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Flushing Councilman Pushes for English Signs Citing 1933 Law

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Chinese, Taiwanese, Korean, Hindi: Flushing is one of New York's most "polyglot" immigrant neighborhoods and one councilman is taking issue with the lack of English on storefront signs. Seen by some residents as the unofficial mayor of Flushing, Hong Kong-born Peter Koo is championing an obscure state law from 1933 that requires businesses to display their names in English; Koo's new iteration is a fine-imposed requirement that businesses display at least 60% of information on their signs in Roman characters.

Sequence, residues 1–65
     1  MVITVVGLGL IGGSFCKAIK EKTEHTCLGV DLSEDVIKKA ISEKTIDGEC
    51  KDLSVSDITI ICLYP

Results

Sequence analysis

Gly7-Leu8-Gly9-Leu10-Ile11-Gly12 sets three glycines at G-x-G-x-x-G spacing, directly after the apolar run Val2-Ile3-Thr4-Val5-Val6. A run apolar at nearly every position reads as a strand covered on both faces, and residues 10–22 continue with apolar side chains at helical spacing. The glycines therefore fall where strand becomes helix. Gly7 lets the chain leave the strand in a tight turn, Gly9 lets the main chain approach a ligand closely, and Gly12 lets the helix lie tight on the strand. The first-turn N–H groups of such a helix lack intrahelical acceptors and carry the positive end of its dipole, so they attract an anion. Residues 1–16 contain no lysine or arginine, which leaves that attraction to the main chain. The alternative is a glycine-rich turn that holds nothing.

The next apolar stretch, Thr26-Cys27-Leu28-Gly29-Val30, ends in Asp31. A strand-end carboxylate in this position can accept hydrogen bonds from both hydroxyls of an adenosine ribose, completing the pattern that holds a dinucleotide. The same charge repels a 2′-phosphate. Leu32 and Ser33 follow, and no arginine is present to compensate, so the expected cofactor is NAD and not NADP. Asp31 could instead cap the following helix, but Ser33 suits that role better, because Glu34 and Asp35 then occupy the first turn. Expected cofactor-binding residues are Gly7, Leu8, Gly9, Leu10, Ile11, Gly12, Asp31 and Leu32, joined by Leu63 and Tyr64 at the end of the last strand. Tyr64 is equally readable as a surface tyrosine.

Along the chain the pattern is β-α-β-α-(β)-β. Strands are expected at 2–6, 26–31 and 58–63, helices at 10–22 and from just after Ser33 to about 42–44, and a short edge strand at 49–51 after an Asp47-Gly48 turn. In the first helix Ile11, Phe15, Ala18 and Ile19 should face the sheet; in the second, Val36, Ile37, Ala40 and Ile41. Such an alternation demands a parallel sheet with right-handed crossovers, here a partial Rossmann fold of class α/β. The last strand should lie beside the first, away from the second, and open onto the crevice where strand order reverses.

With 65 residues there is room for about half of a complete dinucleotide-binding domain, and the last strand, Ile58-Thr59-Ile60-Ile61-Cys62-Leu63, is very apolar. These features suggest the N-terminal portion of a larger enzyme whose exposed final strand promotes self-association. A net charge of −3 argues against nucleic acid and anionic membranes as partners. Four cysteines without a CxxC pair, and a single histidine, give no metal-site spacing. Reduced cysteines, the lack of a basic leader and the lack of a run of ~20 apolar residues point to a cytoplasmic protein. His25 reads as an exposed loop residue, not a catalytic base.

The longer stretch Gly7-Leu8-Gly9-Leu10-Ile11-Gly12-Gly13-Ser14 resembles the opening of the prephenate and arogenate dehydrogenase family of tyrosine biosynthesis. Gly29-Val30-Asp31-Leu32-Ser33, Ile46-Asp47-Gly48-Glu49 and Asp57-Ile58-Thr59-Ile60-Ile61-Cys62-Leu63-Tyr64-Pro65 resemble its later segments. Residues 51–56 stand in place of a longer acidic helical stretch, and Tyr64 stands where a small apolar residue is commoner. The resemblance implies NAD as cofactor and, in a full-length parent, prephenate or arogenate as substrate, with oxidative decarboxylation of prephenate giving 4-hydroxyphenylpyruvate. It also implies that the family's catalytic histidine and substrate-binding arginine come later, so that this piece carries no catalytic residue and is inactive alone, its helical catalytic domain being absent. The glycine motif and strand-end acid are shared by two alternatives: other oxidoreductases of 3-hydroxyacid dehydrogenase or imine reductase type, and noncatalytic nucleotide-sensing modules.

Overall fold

Opponents in Flushing, which has one of the largest multi-cultural Asian populations in the US, outside of California, say that the sign measure will alienate their immigrant customer base. Others, like New York City comptroller John C. Liu (a Flushing resident who is of Chinese descent), are more outspoken: “Trying to justify this as a public safety issue is hogwash. The real premise behind the sign law is that some people are longing for the good old days.”
· Queens Councilman Wants English to Dominate Store Signs [NYT]